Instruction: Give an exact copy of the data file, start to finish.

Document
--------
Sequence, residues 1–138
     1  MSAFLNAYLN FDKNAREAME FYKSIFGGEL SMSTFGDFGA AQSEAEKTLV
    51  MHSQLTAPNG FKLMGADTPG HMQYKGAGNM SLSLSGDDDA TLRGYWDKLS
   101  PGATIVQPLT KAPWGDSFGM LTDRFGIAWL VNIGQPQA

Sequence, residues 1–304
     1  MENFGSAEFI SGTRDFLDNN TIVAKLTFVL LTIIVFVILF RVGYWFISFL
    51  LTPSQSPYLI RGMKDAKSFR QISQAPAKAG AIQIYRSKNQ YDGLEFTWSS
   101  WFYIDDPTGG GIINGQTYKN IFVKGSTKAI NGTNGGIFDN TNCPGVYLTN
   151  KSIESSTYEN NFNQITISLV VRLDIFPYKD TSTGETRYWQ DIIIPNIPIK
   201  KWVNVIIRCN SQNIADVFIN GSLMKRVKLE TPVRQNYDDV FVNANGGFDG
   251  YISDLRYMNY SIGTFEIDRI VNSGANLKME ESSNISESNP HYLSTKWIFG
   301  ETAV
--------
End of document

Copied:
Sequence, residues 1–138
     1  MSAFLNAYLN FDKNAREAME FYKSIFGGEL SMSTFGDFGA AQSEAEKTLV
    51  MHSQLTAPNG FKLMGADTPG HMQYKGAGNM SLSLSGDDDA TLRGYWDKLS
   101  PGATIVQPLT KAPWGDSFGM LTDRFGIAWL VNIGQPQA

Sequence, residues 1–304
     1  MENFGSAEFI SGTRDFLDNN TIVAKLTFVL LTIIVFVILF RVGYWFISFL
    51  LTPSQSPYLI RGMKDAKSFR QISQAPAKAG AIQIYRSKNQ YDGLEFTWSS
   101  WFYIDDPTGG GIINGQTYKN IFVKGSTKAI NGTNGGIFDN TNCPGVYLTN
   151  KSIESSTYEN NFNQITISLV VRLDIFPYKD TSTGETRYWQ DIIIPNIPIK
   201  KWVNVIIRCN SQNIADVFIN GSLMKRVKLE TPVRQNYDDV FVNANGGFDG
   251  YISDLRYMNY SIGTFEIDRI VNSGANLKME ESSNISESNP HYLSTKWIFG
   301  ETAV